I believe that the only way we will be able to travel again, is if we are conscious of how, when and where we travel. Travelling more mindfully through slow travel, staycations, choosing sustainable tour operators, staying in local accommodation as well as eating at local eateries are just a few of the ways in which we can protect the world when our place in it starts back up again. And I believe I am not the only one thinking in this way. With so much time to reflect over the last few months, I think people will want to embrace purposeful travel experiences rather than quick tick boxing long weekends. And that is exactly what Go Travel and Talk is all about. Our ability to wander has been temporarily halted, perhaps now people will think differently in that ‘travel is a privilege, not a right’.
Forge Meaningful Connections
While lockdown has been tough for a lot of us, with the power of technology we have, in most cases, been able to stay in touch with friends and family around the world. But there is a yearning from a lot of people to break free, with an increased desire to meet inspiring characters and forge new connections. I think when we are able to travel again, people will look to build more meaningful connections or seek educational trips prompting the learning of a new skill. People may also want to address a specific need through volunteering and take more time getting to know the places they visit and investing in their local economy.
Invest In Lesser Known Places
After months of staying behind closed doors, people will turn their attention to some of the world's lesser known and populated destinations; to feel a sense of freedom and limitless space. Finding secluded places without having to worry about social distancing will be in demand and at the forefront of a lot of travellers' minds. Going to the lesser known places and seeking out unique experiences, where they can disconnect and reconnect with nature. We have seen the merit in this type of travel which is why we set up Go Travel and Talk in the first place. To encourage off the beaten path adventures and breaking outside of our comfort zones aiding personal growth and development.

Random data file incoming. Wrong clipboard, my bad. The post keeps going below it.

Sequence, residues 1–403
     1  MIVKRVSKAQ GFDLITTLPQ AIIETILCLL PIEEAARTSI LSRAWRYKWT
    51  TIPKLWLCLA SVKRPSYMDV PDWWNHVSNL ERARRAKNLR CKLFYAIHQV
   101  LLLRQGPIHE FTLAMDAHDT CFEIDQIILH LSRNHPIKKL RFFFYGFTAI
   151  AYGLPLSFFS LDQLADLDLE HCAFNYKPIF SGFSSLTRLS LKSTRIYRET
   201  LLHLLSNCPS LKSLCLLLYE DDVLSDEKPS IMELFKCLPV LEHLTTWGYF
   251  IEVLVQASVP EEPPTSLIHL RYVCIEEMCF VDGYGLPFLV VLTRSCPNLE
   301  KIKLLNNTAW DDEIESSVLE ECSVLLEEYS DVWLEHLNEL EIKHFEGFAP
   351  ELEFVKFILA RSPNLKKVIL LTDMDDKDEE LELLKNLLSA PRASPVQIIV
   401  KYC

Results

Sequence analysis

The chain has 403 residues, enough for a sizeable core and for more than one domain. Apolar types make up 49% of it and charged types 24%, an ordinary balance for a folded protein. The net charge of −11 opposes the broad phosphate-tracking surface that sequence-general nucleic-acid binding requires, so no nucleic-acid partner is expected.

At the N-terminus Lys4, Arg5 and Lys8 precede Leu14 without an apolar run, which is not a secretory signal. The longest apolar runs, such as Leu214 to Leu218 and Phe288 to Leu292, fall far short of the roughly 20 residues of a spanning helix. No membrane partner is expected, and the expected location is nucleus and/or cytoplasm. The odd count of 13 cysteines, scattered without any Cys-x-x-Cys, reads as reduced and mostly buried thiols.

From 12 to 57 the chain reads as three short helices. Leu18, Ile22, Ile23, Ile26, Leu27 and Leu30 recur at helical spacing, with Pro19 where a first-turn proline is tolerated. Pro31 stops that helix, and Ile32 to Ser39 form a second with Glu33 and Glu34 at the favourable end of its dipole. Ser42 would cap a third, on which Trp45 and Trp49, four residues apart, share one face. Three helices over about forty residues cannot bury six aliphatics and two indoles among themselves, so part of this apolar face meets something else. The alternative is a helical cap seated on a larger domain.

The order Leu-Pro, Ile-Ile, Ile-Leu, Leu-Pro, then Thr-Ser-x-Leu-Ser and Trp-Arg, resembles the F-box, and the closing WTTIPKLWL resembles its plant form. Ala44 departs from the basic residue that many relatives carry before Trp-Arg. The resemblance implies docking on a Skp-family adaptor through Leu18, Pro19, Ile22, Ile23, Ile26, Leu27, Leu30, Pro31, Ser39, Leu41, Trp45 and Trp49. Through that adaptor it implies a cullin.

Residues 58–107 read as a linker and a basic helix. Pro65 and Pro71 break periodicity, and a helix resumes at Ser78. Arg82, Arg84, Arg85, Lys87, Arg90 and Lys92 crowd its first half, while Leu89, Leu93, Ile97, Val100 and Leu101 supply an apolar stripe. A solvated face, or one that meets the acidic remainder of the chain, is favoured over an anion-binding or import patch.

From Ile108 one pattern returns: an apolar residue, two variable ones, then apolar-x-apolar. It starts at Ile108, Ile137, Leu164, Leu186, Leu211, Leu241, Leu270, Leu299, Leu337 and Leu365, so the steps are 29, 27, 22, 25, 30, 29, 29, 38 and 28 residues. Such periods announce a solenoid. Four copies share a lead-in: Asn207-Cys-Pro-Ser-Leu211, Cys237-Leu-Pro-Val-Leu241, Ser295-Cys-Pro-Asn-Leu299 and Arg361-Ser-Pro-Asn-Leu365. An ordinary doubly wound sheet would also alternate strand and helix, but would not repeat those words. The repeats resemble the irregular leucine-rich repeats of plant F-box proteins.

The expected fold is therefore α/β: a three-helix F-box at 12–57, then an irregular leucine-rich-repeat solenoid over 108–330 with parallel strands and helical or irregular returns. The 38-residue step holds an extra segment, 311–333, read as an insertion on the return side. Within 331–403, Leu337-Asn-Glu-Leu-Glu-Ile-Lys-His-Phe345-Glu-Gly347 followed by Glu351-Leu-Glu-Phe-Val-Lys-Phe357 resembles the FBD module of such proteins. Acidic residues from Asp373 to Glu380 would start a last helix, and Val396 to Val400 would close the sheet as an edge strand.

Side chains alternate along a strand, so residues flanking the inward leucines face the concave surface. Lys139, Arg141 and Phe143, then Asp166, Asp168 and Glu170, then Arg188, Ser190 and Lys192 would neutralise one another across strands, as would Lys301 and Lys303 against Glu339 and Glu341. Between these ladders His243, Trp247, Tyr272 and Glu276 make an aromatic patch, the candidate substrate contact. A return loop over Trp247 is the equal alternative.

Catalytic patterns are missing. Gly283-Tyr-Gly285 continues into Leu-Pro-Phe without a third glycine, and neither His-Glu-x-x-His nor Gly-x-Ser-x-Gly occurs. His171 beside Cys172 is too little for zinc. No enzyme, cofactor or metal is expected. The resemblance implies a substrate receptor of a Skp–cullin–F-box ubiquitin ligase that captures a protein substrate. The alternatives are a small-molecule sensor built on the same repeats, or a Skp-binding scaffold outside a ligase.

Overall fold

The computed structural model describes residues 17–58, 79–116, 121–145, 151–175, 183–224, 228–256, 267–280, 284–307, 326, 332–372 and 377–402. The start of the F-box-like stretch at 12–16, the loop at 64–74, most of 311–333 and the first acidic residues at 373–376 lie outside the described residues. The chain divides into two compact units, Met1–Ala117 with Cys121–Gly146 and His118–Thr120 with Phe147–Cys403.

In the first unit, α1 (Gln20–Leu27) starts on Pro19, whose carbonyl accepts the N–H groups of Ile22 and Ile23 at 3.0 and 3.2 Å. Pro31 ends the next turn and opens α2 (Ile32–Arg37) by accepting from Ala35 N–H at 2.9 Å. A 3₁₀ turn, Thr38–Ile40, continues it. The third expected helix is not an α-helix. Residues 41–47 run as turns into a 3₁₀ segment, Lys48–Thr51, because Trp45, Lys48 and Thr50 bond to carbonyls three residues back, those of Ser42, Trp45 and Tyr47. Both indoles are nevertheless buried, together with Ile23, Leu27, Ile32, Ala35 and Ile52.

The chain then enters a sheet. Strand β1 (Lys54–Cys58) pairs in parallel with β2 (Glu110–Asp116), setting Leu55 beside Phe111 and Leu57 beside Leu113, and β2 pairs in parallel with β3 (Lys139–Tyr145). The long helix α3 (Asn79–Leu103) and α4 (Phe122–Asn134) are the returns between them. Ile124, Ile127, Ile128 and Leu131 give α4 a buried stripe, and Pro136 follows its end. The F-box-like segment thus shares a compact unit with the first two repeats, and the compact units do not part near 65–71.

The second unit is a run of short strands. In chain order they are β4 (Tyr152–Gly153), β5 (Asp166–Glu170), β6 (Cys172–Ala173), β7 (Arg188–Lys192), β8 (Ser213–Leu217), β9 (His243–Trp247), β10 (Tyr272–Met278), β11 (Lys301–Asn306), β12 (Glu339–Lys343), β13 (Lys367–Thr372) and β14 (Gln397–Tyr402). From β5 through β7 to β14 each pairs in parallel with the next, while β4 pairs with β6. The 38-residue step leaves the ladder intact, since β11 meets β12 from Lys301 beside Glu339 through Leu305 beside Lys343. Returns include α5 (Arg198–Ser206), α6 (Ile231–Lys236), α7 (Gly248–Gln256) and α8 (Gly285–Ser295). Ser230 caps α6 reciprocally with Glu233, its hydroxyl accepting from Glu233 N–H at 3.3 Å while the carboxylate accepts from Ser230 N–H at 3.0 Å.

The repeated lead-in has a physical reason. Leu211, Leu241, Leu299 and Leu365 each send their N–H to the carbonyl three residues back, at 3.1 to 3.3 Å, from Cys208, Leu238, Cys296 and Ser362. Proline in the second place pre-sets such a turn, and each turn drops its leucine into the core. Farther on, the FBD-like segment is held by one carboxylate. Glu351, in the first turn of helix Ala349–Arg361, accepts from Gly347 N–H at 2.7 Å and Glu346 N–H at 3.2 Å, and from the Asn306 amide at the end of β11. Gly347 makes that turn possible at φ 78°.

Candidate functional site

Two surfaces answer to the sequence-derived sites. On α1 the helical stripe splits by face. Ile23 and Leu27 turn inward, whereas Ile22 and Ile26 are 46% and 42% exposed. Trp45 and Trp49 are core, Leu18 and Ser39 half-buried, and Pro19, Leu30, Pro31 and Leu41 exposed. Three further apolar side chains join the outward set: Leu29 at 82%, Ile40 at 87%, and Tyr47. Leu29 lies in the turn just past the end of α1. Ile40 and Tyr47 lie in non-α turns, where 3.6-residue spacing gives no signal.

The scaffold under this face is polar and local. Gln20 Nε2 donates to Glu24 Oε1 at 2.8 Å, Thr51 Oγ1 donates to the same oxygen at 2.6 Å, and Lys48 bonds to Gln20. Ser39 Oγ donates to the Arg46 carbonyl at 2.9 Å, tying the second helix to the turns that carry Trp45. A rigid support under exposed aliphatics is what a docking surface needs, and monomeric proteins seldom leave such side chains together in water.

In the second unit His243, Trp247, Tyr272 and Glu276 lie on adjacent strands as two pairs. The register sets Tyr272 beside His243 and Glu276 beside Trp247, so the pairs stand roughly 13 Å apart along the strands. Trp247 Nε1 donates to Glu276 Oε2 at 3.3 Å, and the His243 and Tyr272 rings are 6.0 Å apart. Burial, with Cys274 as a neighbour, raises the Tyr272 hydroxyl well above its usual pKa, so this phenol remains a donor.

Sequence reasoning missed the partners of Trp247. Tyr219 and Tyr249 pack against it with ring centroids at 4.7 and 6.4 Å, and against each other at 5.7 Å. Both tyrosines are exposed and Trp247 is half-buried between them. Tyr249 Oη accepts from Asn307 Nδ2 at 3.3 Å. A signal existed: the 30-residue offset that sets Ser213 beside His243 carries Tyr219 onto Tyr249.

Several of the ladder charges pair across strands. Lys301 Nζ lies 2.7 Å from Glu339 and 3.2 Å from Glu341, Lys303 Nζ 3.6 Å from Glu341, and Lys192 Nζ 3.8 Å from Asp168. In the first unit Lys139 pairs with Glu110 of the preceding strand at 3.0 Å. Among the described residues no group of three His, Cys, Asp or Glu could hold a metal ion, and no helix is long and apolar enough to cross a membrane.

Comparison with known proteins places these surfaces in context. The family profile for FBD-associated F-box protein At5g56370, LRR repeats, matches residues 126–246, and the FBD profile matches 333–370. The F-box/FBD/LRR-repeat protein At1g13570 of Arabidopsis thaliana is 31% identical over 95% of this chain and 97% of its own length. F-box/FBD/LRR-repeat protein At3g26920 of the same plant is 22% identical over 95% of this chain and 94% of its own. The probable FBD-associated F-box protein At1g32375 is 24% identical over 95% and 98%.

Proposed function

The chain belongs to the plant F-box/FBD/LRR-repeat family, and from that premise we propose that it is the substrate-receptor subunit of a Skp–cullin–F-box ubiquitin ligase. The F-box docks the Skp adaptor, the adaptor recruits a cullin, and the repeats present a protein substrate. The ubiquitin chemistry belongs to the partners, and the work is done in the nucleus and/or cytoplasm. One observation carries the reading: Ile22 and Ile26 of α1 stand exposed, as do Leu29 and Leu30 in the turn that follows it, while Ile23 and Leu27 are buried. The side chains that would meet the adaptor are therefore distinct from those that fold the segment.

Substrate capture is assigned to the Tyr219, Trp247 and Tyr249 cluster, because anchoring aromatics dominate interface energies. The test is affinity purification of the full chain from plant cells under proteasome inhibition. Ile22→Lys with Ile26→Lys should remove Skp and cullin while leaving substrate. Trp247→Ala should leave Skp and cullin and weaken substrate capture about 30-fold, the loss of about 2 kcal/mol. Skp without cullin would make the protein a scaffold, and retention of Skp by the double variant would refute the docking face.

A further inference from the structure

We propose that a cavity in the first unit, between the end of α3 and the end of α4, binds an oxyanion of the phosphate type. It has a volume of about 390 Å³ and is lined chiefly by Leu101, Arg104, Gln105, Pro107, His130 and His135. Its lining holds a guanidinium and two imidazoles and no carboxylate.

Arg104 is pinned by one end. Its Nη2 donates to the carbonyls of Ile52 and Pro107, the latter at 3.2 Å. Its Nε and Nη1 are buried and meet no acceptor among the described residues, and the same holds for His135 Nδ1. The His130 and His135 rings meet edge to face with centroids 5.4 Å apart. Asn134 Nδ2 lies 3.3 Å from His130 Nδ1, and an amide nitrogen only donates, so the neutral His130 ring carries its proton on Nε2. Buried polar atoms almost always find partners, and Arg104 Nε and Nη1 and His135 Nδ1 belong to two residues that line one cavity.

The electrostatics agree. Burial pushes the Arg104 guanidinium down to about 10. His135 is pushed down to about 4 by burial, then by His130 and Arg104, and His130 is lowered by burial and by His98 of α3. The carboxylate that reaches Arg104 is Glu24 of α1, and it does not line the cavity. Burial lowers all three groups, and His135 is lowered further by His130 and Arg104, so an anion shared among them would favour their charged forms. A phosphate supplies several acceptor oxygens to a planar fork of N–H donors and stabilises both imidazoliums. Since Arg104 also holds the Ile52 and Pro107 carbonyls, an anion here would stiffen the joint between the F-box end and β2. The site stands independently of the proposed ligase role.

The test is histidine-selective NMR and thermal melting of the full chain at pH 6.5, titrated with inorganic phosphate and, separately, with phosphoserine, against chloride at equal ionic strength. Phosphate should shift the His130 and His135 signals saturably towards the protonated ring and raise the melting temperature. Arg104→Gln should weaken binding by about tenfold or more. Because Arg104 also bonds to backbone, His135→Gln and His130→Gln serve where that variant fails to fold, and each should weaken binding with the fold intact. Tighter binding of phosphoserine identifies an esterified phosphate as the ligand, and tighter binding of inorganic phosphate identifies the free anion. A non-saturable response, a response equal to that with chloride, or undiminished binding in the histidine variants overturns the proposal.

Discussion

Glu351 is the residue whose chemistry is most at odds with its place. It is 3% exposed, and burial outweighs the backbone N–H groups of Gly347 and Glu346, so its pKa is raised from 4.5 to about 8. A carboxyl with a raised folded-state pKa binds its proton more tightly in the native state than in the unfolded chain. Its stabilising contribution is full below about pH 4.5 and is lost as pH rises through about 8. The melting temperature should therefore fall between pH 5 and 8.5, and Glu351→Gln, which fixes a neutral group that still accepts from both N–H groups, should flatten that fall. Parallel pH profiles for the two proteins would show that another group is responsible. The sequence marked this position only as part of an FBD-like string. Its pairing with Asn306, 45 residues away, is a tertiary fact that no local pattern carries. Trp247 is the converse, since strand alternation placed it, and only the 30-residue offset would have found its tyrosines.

When will people look to travel again after coronavirus?
Realistically, travel will be one of the last areas of life to return to normality. With border closures and airlines grounded to a halt, as well as explicit warnings against non essential travel, the light at the end of the tunnel seems a while away yet. However, some European countries are hoping to welcome tourists back in with immediate effect.
Traveling to Europe?
The European commission recently made headlines about planning to go ahead with the summer tourism season, proposing for borders to gradually open in time for people to take summer trips. There has also been talk and implementation of ‘travel bubbles’ otherwise known as ‘green zones’ or ‘sky bridges’. While they are called different things, essentially it is where borders will open between clusters of European countries, without long quarrentines between citizens of different countries where the outbreak is under control (but still not accepting foreign visitors). Much remains unclear though and it has become the topic of fierce debate - will it be safe enough to travel to Europe with the current infection rates? Could we see a spike in infection rates if borders open up again so soon?